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James van Riemsdyk has quickly found a familiar home with the Bruins, right in front of the net

James van Riemsdyk has five goals and 11 assists in his first 23 games with the Bruins.Barry Chin/Globe Staff

Once a Bruins foe, James van Riemsdyk has found a familiar home in Boston.

Van Riemsdyk has donned a Black and Gold sweater for just 23 of his 963 NHL regular-season games. He’s more known as a thorn in the Bruins’ side as a top-six stalwart with the Flyers and Maple Leafs.

In 49 career regular-season games against the Bruins, van Riemsdyk posted 18 goals and 19 assists, while more than a third of his 71 playoff games have come against Boston.

A 6-foot-3-inch winger capable of generating Grade-A chances by way of screens or slick seam passes, van Riemsdyk has made a living out of planting himself near the crease.

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Van Riemsdyk’s allegiances shifted when he signed with the Bruins, but the 35-year-old’s game hasn’t changed much whenever he hops over the boards.

And so far, the Bruins have reaped the rewards.

James van Riemsdyk was a longtime Bruins foe, with 18 goals in 49 games against Boston.Tanner Pearson for The Boston Globe

“He’s holding on to pucks a lot more than I think he’s ever done — in a while, anyway — in his career,” coach Jim Montgomery said Wednesday. “But what he’s added to us, one of the things we like to track is net-front battles. We seem to win that almost every night this year, and he’s one of the leaders in that.”

Signed to a one-year, $1 million deal in July, van Riemsdyk has been one of the best value adds across the NHL.

According to CapFriendly, van Riemsdyk ranks 17th in the NHL in cost per point ($62,500) with five goals and 11 assists in his first 23 games.

Twelve of the 16 players in front of van Riemsdyk are rookies on team-friendly, entry-level deals, such as Anaheim’s Mason McTavish ($42,579), Detroit’s Lucas Raymond ($46,250), and Chicago’s Connor Bedard ($47,500).

After scoring just two goals and 4 points on a toothless Flyers power play in 2022-23, van Riemsdyk already has three goals and four assists on the man-advantage this season.

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“They’re just smart players, so they know the times to move the puck, the times to hold it, the times to shoot it and things like that,” van Riemsdyk said of playing alongside David Pastrnak and Brad Marchand on the power play. “It seems like a simple thing, but when you make the right plays at the right times, it really helps open a lot of things up for everyone else.”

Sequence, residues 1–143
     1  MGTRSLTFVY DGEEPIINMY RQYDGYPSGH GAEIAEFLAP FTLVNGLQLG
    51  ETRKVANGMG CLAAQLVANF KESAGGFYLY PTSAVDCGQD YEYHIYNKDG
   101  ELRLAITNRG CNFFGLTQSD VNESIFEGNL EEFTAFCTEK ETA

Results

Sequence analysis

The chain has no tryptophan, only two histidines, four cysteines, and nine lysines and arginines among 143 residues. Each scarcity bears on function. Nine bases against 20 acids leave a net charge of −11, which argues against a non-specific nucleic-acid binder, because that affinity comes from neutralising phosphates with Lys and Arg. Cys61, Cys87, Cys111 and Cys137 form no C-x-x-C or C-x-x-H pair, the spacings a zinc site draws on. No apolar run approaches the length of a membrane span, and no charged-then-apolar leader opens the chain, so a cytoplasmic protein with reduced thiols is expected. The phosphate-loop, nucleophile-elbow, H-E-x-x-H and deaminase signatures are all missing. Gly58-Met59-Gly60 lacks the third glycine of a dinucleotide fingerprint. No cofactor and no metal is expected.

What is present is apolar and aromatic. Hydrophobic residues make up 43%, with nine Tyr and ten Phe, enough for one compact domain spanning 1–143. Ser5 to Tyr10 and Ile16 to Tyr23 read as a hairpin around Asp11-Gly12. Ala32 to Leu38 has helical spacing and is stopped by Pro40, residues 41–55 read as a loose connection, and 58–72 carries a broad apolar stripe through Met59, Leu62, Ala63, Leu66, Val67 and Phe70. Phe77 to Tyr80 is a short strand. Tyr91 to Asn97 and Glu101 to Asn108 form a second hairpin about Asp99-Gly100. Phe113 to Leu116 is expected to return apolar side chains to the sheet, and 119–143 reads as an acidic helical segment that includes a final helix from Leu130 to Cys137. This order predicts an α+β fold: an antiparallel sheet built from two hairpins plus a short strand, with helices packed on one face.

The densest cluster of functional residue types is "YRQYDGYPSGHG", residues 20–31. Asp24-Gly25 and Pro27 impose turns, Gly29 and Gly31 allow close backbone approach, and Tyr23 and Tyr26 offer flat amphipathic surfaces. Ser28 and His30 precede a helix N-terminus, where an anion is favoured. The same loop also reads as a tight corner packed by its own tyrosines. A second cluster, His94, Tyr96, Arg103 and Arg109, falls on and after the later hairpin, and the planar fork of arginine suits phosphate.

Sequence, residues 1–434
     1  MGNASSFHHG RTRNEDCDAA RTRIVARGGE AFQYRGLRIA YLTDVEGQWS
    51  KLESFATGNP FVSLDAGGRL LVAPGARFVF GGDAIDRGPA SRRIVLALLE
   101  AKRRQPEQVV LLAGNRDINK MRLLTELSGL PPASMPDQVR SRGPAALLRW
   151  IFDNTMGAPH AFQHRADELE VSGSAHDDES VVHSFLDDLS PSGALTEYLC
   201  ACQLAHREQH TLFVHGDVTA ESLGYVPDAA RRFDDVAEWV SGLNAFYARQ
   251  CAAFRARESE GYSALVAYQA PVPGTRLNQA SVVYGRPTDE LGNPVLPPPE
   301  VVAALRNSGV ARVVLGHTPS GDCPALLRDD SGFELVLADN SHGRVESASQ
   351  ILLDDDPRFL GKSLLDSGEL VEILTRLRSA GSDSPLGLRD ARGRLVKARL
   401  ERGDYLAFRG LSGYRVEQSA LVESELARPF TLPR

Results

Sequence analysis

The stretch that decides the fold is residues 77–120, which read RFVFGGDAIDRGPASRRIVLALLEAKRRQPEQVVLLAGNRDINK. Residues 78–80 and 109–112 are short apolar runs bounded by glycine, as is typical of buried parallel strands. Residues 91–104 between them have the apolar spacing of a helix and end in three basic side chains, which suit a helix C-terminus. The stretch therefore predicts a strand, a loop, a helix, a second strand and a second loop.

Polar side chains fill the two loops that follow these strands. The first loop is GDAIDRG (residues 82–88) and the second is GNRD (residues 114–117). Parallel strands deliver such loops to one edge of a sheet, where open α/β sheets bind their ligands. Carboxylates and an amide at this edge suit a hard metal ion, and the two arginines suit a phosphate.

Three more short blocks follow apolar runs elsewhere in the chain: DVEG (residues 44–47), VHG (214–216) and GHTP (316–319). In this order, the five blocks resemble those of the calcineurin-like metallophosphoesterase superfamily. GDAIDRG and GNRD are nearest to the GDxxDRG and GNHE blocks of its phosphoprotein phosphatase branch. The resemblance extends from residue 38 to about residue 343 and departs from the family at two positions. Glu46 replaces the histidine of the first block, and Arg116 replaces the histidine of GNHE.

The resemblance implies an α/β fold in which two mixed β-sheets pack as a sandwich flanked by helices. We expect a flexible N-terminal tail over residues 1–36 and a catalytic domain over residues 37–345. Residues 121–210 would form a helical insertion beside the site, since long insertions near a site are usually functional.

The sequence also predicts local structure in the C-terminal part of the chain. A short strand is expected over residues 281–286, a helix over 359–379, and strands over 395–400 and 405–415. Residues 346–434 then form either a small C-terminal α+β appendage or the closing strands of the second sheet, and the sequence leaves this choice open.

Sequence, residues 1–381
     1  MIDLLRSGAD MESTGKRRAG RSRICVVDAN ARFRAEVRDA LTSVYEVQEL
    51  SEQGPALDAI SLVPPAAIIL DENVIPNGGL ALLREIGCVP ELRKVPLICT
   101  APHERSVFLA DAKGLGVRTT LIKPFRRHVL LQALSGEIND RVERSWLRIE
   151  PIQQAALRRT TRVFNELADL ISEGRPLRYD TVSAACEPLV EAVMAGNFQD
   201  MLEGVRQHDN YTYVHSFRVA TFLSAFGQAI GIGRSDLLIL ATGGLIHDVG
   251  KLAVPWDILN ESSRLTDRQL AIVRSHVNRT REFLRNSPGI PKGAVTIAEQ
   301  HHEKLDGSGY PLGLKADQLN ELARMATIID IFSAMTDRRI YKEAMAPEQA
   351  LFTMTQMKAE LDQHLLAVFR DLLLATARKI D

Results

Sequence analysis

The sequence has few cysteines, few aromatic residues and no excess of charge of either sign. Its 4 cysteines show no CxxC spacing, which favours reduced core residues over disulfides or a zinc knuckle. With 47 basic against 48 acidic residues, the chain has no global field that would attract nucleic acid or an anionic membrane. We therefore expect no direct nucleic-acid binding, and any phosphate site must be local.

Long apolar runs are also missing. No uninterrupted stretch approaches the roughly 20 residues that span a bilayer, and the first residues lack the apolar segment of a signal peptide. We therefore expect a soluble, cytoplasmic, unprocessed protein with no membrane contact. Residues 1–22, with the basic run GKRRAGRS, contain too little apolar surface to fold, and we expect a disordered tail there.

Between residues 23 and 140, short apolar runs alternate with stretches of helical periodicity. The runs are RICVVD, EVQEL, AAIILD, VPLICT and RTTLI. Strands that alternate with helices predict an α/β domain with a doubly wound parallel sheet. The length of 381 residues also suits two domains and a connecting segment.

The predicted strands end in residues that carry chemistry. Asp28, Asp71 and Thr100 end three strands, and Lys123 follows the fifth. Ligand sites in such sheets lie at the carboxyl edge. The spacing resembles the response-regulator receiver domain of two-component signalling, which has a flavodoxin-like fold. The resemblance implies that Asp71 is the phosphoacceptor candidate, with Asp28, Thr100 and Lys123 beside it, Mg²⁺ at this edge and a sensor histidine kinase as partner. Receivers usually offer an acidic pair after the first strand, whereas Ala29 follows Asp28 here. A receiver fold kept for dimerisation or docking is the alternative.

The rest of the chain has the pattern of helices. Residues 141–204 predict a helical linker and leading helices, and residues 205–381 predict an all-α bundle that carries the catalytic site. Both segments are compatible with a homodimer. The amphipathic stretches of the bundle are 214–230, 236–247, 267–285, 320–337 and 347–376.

James van Riemsdyk ranks 17th in the NHL in cost per point, according to CapFriendly. Matthew J. Lee/Globe Staff

Van Riemsdyk also has established himself as a veteran resource in a dressing room anchored by Marchand.

“You knew how dialed in he was and how much he loved the game and stuff like that,” van Riemsdyk said. “But I think it’s always kind of fun and funny in a way when you battle with a guy for so long and then you get on their side and you realize how great of a guy they are. I think that’s the fun part of the game where you have these rivalries over the years and a lot of hotly contested games and things like that. And then when you get on the same team, you kind of get to see behind the curtain a little bit more and realize what the other person is really all about.”

Van Riemsdyk shared a sentiment routinely echoed by other players who land with the Bruins, where a culture cultivated by the likes of Zdeno Chara and Patrice Bergeron has made for an easy transition.

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It might just be 23 games, but van Riemsdyk already feels settled into his new home, and that seamless fit has been reflected on the scoresheet.

“You always hear about things. But until you experience it, you don’t really fully know,” van Riemsdyk said of playing in Boston. “There’s not any stones unturned as far as guys’ resources that they have available to us as far as the different avenues to help us be prepared to be at our best on the ice and take care of us off the ice mentally, and things like that. It seems like the group really tries to take care of each other. That’s been fun to be a part of.”

Area of focus

After allowing another last-minute goal to the Maple Leafs last Saturday, the Bruins closed out an extended practice with a spirited six-on-five session in an effort to snuff out opponents’ late rallies with the goalie pulled . . . Montgomery voiced his displeasure earlier in practice, abruptly stopping a two-on-two drill in order to harp on his defensemen’s struggles with getting under sticks and pushing skaters to the outside.


Conor Ryan can be reached at conor.ryan@globe.com.